Your SlideShare is downloading. ×
Chapter 5.1 : History of the Periodic Table
Upcoming SlideShare
Loading in...5

Thanks for flagging this SlideShare!

Oops! An error has occurred.


Introducing the official SlideShare app

Stunning, full-screen experience for iPhone and Android

Text the download link to your phone

Standard text messaging rates apply

Chapter 5.1 : History of the Periodic Table


Published on

Published in: Education

  • Be the first to comment

  • Be the first to like this

No Downloads
Total Views
On Slideshare
From Embeds
Number of Embeds
Embeds 0
No embeds

Report content
Flagged as inappropriate Flag as inappropriate
Flag as inappropriate

Select your reason for flagging this presentation as inappropriate.

No notes for slide


  • 1. The Periodic LawHistory of the Periodic Table
    Chapter 5.1
  • 2. Objectives
    Explain the roles of Mendeleev and Moseley in the development of the periodic table.
    Describe the modern periodic table.
    Explain how the periodic law can be used to predict the physical and chemical properties of elements
    Describe how the elements belonging to a group of the periodic table are interrelated in terms of atomic number.
  • 3. Early History
    By 1860 – more than 60 elements had been discovered.
    September of 1860 – First international Congress of Chemists met
    Cannizzaro – convincing method for measuring relative atomic mass
    Became a standard for showing relationship between atomic mass and properties of elements
    Stanislao Cannizzaro
  • 4. Mendeleev and Periodicity
    Russian Chemist – Dmitri Mendeleev
    First usable periodic table
    Arranged according to :
    1. Properties
    2. Atomic mass
    Interesting facts:
    1. Some Atomic masses were out of place
    2. Empty spaces for elements not yet discovered. Later they were and fit right in.
  • 5. Moseley and Periodic Law
    1911 – Henry Moseley
    Working with spectra of 38 metals – elements fit into better patterns when organized according to nuclear charge.
    Led to :
    Modern definition of atomic number
    Periodic table organized according to atomic number instead of atomic mass
    Periodic Law : The physical and chemical properties of the elements are periodic functions of their atomic numbers.
  • 6. The Modern Periodic table
    Define: arrangement of the elements in order of their atomic number so that elements with similar properties fall in the same column, or group.
  • 7. The Noble Gases
    Most significant addition to periodic table
    1894 – John William Strutt and Sir William Ramsey
    Discovered Argon
    • 1898 – Ramsay discovered Kr and Xe
    • 8. 1900 – Friedrich Dorn discovered Rn
    • 9. Placed this new group of elements in a new group
    • 10. Group 18
    Noble Gases
  • 11. Lanthanides and Actinides
    Lanthanides – 14 elements with atomic number from 58 to 71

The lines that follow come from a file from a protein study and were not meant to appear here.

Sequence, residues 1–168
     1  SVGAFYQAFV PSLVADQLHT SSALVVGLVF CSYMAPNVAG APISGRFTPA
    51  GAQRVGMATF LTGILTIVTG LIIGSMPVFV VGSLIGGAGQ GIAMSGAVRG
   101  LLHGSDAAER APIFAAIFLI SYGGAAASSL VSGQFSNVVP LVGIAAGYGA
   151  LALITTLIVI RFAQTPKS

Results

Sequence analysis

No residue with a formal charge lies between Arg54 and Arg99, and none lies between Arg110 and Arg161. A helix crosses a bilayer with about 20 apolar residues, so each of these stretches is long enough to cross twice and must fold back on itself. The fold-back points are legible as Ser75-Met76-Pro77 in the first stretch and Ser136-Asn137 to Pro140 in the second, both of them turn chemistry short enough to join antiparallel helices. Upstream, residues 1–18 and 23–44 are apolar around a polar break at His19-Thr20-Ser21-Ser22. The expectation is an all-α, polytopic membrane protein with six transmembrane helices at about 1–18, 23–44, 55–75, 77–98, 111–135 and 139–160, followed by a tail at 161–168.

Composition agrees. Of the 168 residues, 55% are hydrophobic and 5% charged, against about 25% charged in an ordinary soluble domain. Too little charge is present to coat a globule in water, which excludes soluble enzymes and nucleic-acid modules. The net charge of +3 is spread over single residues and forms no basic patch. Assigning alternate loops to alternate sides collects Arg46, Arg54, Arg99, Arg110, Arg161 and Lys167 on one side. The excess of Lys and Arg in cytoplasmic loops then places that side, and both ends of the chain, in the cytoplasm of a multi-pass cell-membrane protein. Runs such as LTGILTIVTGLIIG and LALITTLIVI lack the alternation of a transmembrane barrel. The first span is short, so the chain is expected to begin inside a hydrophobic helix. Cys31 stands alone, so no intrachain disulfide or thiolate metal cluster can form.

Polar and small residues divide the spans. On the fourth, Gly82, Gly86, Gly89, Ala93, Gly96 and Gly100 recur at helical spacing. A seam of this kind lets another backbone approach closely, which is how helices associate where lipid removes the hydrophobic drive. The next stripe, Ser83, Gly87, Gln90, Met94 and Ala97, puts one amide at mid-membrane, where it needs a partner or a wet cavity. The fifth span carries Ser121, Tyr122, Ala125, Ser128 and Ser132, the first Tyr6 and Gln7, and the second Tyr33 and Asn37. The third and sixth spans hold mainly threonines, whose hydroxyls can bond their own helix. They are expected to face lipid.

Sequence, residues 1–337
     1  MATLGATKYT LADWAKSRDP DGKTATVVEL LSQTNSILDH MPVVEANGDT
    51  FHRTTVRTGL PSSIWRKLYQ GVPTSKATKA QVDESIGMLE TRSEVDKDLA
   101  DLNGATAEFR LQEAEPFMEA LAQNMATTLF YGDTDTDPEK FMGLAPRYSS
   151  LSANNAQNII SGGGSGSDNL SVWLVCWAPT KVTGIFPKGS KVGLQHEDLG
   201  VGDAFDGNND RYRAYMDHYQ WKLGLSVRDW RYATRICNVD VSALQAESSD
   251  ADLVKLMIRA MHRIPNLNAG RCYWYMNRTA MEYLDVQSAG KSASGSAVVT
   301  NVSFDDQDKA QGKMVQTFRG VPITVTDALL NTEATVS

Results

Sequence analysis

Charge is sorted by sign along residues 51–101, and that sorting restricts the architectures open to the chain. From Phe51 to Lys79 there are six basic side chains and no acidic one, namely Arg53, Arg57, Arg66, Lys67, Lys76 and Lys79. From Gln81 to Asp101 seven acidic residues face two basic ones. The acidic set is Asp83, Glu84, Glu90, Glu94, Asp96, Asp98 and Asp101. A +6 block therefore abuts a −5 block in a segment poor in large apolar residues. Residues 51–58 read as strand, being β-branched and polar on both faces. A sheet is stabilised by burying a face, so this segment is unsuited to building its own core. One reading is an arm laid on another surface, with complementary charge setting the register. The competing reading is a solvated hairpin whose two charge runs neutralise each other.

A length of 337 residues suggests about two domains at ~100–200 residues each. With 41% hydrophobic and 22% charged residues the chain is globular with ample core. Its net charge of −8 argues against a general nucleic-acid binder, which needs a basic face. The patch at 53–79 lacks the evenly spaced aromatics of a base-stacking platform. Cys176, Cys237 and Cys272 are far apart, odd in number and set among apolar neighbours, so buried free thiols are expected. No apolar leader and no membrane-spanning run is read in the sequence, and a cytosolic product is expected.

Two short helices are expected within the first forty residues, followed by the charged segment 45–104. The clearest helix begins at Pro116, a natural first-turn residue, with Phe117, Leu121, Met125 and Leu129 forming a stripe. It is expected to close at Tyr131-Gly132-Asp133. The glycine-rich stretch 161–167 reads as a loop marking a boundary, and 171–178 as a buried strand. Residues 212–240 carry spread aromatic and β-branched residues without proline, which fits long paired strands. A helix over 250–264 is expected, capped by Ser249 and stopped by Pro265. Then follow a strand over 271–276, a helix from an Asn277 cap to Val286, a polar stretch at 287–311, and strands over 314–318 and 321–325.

Cerium to Lutetium (Top row – f-block)
    • Actinides – 14 elements with atomic number from 90 to 103
    • 12. Thorium to Lawrencium ( Bottom row – f-block)
    • 13. To save space – both were set off below main portion of periodic table
    • 14. What it would look like!
  • Periodicity
    Similar periodic pattern repeated with atomic number
    Difference in atomic number of similar properties
    8, 8, 18, 18, 32
    Difference in atomic number
    Atomic Number
    2 8
    10 8
    18 18
    36 18
    54 32
    3 8
    11 8
    19 18
    37 18
    55 32
  • 15. Periodic Table songby Tom Lehrer
    There’s antimony, arsenic, aluminum, selenium, And hydrogen and oxygen and nitrogen and rheniumAnd nickel, neodymium, neptunium, germanium, And iron, americium, ruthenium, uranium, Europium, zirconium, lutetium, vanadium And lanthanum and osmium and astatine and radium And gold, protactinium and indium and gallium And iodine and thorium and thulium and thallium.
    There’s yttrium, ytterbium, actinium, rubidium And boron, gadolinium, niobium, iridium And strontium and silicon and silver and samarium, And bismuth, bromine, lithium, beryllium and barium.
    There’s holmium and helium and hafnium and erbium And phosphorous and francium and fluorine and terbium And manganese and mercury, molybdinum, magnesium, Dysprosium and scandium and cerium and cesium And lead, praseodymium, platinum, plutonium, Palladium, promethium, potassium, polonium, Tantalum, technetium, titanium, tellurium, And cadmium and calcium and chromium and curium.
    There’s sulfur, californium and fermium, berkelium And also mendelevium, einsteinium and nobelium And argon, krypton, neon, radon, xenon, zinc and rhodium And chlorine, cobalt, carbon, copper, Tungsten, tin and sodium.
    These are the only ones of which the news has come to Harvard, And there may be many others but they haven’t been discovered.